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" Why, look you now, how unworthy a thing you make of me ! You would play upon me ; you would seem to know my stops ; you would pluck out the heart of my mystery ; you would sound me from my lowest note to the top of my compass : and there is much music,... "
The plays (poems) of Shakespeare, ed. by H. Staunton, the illustr. by J ... - Page 367
by William Shakespeare - 1860
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Charles Kemble's Shakspere readings, a selection of the plays as ..., Volume 1

William Shakespeare - 1870
...breath with your mouth, and it will discourse most eloquent musick. Look, these are the stops. Gutl. But these cannot I command to any utterance of harmony;...you would sound me from my lowest note to the top of my compass: and there is much musick, excellent voice, in this little organ; yet cannot you make it...
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Tonight We Improvise ; And, "Leonora, Addio!"

Luigi Pirandello, Canadian Society for Italian Studies - Foreign Language Study - 1987 - 122 pages
...psychic freedom, Hamlet, holding a recorder in his hand, exclaims to Rosencrantz and Guildenstern, "Why, look you now, how unworthy a thing you make...you would sound me from my lowest note to the top of my compass — and there is much music, excellent voice, in this little organ, yet cannot you make...
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The Masks of Hamlet

Marvin Rosenberg - Drama - 1992 - 971 pages
...lecture, usually to both "friends." If he must be a pipe for Fortune's finger, he will not be for them: Why, look you now, how unworthy a thing you make of...you would sound me from my lowest note to the top of my compass [Burton tapped the floor with the recorder, then held it aloft]; and there is much music,...
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Hamlet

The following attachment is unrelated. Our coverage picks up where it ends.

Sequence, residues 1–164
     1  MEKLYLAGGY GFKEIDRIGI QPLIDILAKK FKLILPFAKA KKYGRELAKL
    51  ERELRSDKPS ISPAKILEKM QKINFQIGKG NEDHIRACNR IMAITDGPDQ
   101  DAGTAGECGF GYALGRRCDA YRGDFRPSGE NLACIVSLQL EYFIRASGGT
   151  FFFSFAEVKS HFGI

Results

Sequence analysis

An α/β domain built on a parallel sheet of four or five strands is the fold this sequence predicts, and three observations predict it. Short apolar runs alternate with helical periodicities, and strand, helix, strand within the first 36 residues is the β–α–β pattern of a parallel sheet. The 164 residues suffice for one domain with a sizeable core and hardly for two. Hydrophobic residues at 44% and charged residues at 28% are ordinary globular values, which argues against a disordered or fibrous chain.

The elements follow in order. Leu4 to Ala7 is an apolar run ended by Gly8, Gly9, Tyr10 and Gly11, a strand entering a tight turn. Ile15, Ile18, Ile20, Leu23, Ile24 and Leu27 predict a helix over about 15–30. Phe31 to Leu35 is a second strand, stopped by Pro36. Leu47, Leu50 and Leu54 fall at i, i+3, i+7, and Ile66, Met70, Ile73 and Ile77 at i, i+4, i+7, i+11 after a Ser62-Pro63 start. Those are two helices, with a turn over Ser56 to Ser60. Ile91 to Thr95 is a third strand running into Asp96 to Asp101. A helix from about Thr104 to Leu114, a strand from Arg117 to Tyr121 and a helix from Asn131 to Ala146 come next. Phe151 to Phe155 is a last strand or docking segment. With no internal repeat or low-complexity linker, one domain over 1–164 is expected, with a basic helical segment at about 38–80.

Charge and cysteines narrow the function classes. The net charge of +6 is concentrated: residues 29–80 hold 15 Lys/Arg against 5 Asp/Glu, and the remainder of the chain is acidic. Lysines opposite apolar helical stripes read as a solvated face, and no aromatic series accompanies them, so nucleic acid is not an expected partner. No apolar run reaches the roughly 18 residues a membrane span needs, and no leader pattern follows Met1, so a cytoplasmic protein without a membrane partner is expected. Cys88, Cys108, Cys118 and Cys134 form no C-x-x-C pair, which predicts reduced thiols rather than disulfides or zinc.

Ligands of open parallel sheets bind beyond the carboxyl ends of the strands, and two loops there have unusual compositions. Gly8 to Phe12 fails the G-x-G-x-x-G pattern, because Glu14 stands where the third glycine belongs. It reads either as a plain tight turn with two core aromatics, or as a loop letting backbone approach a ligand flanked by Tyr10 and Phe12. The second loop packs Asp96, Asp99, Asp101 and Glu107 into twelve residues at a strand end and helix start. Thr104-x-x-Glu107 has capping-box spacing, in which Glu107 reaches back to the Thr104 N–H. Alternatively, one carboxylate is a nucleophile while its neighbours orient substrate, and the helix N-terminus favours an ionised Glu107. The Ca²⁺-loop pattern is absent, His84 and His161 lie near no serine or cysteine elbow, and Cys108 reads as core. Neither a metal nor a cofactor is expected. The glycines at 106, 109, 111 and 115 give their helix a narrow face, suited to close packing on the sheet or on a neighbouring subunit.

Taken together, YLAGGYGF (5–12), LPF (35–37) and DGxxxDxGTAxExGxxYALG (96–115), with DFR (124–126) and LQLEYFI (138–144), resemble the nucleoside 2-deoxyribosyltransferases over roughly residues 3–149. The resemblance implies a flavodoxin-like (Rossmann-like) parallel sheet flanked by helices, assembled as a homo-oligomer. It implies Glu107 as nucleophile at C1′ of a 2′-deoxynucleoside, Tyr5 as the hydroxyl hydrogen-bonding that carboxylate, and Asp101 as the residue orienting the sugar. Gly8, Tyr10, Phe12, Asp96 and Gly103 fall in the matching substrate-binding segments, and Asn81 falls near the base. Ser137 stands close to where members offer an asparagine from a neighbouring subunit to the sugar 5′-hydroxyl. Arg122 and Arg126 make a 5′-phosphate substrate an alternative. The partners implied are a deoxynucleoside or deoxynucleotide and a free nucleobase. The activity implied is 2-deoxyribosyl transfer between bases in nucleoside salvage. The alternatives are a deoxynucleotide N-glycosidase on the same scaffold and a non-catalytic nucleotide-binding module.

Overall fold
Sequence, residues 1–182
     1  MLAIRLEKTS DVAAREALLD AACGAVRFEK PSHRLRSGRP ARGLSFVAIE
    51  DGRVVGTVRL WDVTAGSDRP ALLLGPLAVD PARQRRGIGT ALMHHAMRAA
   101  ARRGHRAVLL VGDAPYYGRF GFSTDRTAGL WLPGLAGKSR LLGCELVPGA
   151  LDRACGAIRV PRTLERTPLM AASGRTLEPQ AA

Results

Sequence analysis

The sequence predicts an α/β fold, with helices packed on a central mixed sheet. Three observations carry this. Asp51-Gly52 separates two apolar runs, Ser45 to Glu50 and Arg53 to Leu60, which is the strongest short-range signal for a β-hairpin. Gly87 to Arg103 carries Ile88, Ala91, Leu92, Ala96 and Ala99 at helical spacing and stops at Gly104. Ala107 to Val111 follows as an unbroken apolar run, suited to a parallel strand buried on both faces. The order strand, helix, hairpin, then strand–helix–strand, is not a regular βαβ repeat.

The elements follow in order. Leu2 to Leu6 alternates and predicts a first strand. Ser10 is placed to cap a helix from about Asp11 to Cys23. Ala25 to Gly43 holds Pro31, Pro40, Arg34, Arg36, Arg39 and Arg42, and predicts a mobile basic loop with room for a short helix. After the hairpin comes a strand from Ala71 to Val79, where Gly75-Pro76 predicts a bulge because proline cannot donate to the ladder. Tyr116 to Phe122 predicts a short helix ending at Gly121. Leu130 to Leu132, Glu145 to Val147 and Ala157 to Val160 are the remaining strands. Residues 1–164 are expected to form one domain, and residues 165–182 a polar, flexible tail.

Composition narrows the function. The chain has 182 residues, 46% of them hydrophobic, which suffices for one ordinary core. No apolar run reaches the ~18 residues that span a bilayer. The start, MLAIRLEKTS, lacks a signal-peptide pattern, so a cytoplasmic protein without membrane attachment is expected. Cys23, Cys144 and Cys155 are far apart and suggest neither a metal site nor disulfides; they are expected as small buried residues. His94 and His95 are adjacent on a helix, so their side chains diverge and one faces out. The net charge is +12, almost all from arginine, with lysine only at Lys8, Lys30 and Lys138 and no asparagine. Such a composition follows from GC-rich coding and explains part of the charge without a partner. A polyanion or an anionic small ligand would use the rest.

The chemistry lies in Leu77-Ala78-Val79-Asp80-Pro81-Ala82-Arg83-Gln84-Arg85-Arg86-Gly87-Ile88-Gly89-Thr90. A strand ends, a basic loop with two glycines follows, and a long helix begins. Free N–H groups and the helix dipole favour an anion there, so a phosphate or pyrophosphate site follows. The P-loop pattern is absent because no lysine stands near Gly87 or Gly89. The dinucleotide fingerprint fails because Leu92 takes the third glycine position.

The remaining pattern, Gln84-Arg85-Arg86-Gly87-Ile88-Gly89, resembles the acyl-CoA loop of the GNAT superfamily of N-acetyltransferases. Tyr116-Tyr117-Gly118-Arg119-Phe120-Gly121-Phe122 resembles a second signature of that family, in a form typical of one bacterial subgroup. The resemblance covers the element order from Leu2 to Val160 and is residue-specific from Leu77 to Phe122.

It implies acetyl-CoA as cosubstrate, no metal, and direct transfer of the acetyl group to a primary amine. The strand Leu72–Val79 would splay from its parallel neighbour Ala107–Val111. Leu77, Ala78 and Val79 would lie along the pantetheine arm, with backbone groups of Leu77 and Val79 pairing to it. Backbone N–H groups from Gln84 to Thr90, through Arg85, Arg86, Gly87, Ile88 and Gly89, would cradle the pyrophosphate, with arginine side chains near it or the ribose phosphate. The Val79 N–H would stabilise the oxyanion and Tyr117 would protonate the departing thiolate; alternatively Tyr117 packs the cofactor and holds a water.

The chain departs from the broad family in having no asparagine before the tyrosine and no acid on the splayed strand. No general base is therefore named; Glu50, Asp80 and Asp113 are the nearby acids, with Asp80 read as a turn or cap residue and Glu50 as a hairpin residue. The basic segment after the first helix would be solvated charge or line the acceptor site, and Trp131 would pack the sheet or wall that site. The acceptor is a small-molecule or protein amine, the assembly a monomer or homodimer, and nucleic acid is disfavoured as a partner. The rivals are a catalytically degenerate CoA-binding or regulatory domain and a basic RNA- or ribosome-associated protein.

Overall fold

William Shakespeare - Drama - 1992 - 138 pages
...stops. GUILDEN. But these cannot I command to any utterance of harmony. I have not the skill. 350 HAMLET Why, look you now, how unworthy a thing you make of...you would sound me from my lowest note to the top of my compass; and there is much music, excellent voice, in this little organ, yet cannot you make it...
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Shakespearean Pragmatism: Market of His Time

Lars Engle - Drama - 1993 - 266 pages
...dramatic or didactic forms. Thus Hamlet to Guildenstern: Will you play upon this pipe? . . . Whv, look vou now, how unworthy a thing you make of me. You would...you would sound me from my lowest note to the top ot my compass; and there is much musie, excellent voice, in this little organ, yet cannot you make...
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And Flights of Angels

Terrence Ortwein - 1994 - 91 pages
...GUILDENSTERN. But these cannot I command to any utt'rance of harmony; I have not the skill. HAMLET. Why look you now, how unworthy a thing you make of...you would sound me from my lowest note to the top of my compass; and there is much music, excellent voice, in this little organ, yet cannot you make it...
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Some Necessary Questions of the Play: A Stage-centered Analysis of ...

Gene A. Smith, Robert E. Wood - History - 1994 - 171 pages
...with your fingers and thumbs." Another denial of skill precedes the lesson that concludes the prank. Why, look you now, how unworthy a thing you make of...you would sound me from my lowest note to the top of my compass; and mere is much music, excellent voice, in this little organ, yet cannot you make it speak....
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Shakespeare's World of Death: The Early Tragedies

Richard Courtney - Drama - 1995 - 268 pages
...recorders. Hamlet politely begs Guildenstern to play one. When he cannot, Hamlet issues a sharp warning: Why, look you now, how unworthy a thing you make of...You would sound me from my lowest note to the top of my compass. And there is much music, excellent voice, in this little organ. Yet cannot you make it...
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Shakespeare the Playwright: A Companion to the Complete Tragedies, Histories ...

Victor L. Cahn - Drama - 1996 - 865 pages
...Initially Hamlet is content to resume banter on their level, using prose, but before long he explodes: Why, look you now, how unworthy a thing you make of...would sound me from my lowest note to [the top of] my compass; and there is much music, excellent voice, in this little organ, yet cannot you make it...
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Hamlet

William Shakespeare, Russell Jackson - Performing Arts - 1996 - 208 pages
...an inch away from GUILDENSTERN's ear. HORATIO watches for any move from ROSENCRANTZ to help. HAMLET Why, look you now, how unworthy a thing you make of...you would sound me from my lowest note to the top of my compass; and there is much music, excellent voice in this little organ, yet cannot you make it speak...
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